Figure 4. a, b. TEM images; GMTMC (a), GMC (b).

Figure 5. a, b. Gemcitabine release profile (%); in buffers pH 6 (a) and pH 7.4 (b) from GMTMC and GMC

Figure 6. a - d. Dose-dependent cytotoxic effects of drug groups at 72 hours: Gemcitabine against A549-Luc-C8 cells (a), gemcitabine against CRL5807 cells (b), GMTMC and GMC against A549-Luc-C8 cells (c), and GMTMC and GMC against CRL5807 cells (d).

Detailed Description of the Invention

The original features of the invention are that the synthesized nanoparticle can only be concentrated in the cancerous tissue desired to act due to its magnetic properties, allows it to release in a controlled manner, and that TMC is preferred instead of chitosan due to its limited solubility. Chemotherapeutic agents used in the field of cancer therapy have toxic side effects on normal cells as well as tumor cells, as is known. The main objective of drug targeting and controlled drug release is to eliminate or minimize the negative effects occurring in traditional treatment methods and to increase reaching cellular levels. In addition, it is to provide optimization of the kinetic properties of the concentration and release of drugs in the circulatory system or different biological fluids, to change the pharmacokinetic- pharmacodynamic properties of drugs, to provide effective and reliable treatment at low or high dosages, to eliminate or minimize toxic effects and immunogenic factors, to increase the stability of drugs, and to provide a pharmacological response with the intended level within the targeted area without causing any harmful interaction in different parts of the body. The increasing number of cancer patients will achieve a better quality of life and treatment without being exposed to the side effects of the chemotherapy treatments they are using as a result of the study. Trimethyl Chitosan Synthesis

Trimethyl chitosan (TMC) was synthesized by chitosan methylation in an alkaline environment. Chitosan was treated with sodium iodide by stirring in the presence of sodium hydroxide (NaOH) and N-methyl-2-pyrrolidone (NMP) for 20 minutes at 60°C. Then, iodomethane (CH3I) was added to the solution and stirred at a constant rate under the condenser. Then, CH3I and NaOH were added to the mixture again. Diethyl ether was added and dissolved with sodium chloride solution to precipitate the polymer. The TMC obtained was dialyzed against distilled water for 2 days and dried. TMC was characterized by an infrared spectrophotometer of Fourier transformation.

Preparation of Gemcitabine-Loaded Magnetic TMC and Chitosan Nanoparticles

Optimization of TPP amount TMC nanoparticles (TMCN) and chitosan nanoparticles (CN) were prepared by the ionic gelation method. TMC (2 mg/mL) was dissolved in distilled water and 10 N NaOH was added until the pH reached around 4-5. Chitosan (2mg/mL) was dissolved in acetic acid and 10 N NaOH was added similarly until the pH reached around 4-5. Different volumes of 1 mg/mL tripolyphosphate (TPP) solution (2-8 mL) were added dropwise to the reaction mixtures and stirred at 480 rpm for 20 minutes at a constant rate. These solutions were centrifuged at 13000 rpm and the pellets were washed with distilled water. The optimum TPP amount was determined by hydrodynamic size analysis using a zetasizer.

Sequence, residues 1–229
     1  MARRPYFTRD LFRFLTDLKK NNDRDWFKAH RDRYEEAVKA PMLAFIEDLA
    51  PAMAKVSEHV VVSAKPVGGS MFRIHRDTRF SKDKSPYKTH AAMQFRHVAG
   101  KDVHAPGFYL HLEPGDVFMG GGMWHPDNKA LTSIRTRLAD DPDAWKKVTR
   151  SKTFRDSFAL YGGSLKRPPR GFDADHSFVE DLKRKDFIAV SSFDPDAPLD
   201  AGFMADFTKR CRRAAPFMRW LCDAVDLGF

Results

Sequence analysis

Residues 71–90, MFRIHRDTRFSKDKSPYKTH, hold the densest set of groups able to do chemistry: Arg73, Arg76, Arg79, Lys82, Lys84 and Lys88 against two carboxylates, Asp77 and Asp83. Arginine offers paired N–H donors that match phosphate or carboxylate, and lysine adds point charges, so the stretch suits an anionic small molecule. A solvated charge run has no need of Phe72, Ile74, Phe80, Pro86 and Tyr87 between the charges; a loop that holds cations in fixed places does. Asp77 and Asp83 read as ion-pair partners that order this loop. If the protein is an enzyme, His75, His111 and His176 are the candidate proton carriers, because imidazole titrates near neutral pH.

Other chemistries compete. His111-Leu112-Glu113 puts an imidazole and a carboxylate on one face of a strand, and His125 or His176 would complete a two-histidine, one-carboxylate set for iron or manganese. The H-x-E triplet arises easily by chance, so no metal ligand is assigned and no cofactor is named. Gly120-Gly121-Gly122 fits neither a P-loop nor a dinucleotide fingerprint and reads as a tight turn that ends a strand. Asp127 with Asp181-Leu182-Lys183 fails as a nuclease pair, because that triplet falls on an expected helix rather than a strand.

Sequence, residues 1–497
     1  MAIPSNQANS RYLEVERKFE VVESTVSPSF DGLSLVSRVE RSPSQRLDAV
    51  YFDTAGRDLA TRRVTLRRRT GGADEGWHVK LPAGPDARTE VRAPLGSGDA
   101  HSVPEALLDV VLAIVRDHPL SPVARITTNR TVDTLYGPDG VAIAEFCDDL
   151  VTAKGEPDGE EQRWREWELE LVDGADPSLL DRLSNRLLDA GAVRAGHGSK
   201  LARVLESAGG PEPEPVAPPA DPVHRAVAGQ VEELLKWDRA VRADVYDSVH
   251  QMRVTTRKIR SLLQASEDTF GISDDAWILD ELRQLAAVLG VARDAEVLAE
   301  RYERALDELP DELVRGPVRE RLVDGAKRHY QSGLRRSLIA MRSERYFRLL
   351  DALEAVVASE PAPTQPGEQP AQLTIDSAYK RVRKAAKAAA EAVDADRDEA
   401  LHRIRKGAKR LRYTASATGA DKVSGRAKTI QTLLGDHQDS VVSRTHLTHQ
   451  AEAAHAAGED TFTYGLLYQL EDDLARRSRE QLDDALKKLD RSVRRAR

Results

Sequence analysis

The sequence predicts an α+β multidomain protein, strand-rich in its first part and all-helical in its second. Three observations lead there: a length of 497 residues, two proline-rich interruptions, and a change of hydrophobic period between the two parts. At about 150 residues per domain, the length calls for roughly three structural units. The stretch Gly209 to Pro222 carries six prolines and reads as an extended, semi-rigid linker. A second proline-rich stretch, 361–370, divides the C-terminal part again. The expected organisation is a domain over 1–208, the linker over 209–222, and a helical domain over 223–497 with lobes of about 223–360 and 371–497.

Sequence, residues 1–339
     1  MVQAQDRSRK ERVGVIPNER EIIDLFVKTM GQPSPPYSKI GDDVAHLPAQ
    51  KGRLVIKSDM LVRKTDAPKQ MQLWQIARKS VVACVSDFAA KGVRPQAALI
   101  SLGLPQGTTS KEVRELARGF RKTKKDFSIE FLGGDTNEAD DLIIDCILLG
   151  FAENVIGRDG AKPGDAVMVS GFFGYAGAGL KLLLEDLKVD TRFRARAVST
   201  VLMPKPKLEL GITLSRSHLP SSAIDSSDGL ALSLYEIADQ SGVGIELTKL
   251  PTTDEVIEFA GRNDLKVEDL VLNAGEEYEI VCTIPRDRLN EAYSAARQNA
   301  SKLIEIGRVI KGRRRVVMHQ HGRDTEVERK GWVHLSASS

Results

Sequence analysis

Optimization of Magnetite Concentration

Magnetites were synthesized by the co- sedimentation method and their structures were confirmed by FTIR analysis. Magnetite dispersions (2-6 mL) in various concentrations were added into TMC and chitosan solutions. Then, 4 mL of TPP solution was added dropwise to the reaction mixture and centrifuged. Thus, magnetic TMC nanoparticles (MTMC) and magnetic chitosan nanoparticles (MC) were obtained. The appropriate magnetic concentration was determined by hydrodynamic size analysis.

Optimization of Gemcitabine Concentration Gemcitabine was loaded to MTMC and MCs by adsorption technique. Various concentrations of gemcitabine solution (1-3,5 mg/mL) were added to the synthesized nanoparticles under optimum conditions. The obtained mixture was incubated at 37°C for 15 hours. The nanoparticles were centrifuged at 13000 rpm and the unbound drug was removed from the nanoparticles. Meanwhile, the nanoparticles were washed with distilled water. Gemcitabine- loaded magnetic TMC nanoparticles (GMTMC) and gemcitabine-loaded chitosan nanoparticles (GMC) were obtained as a result. Drug binding efficiencies were calculated as a result of spectrophotometric measurements of the supernatants at 268 nm. Optimization studies were carried out with FTIR and TEM analyses. Drug release characteristics for GMTMC and GMC in vitro drug release studies were calculated in 10 mM pH 7.4 and pH 6 phosphate buffer. The nanoparticles were taken into the dialysis membrane (MW: 14000) and dialysis was initiated in a water bath at 37°C. The dialysis medium was replaced with a new buffer at regular intervals. Meanwhile, the release profile of the free gemcitabine formulation was examined. The amount of drug released was calculated.

Cytotoxicity Tests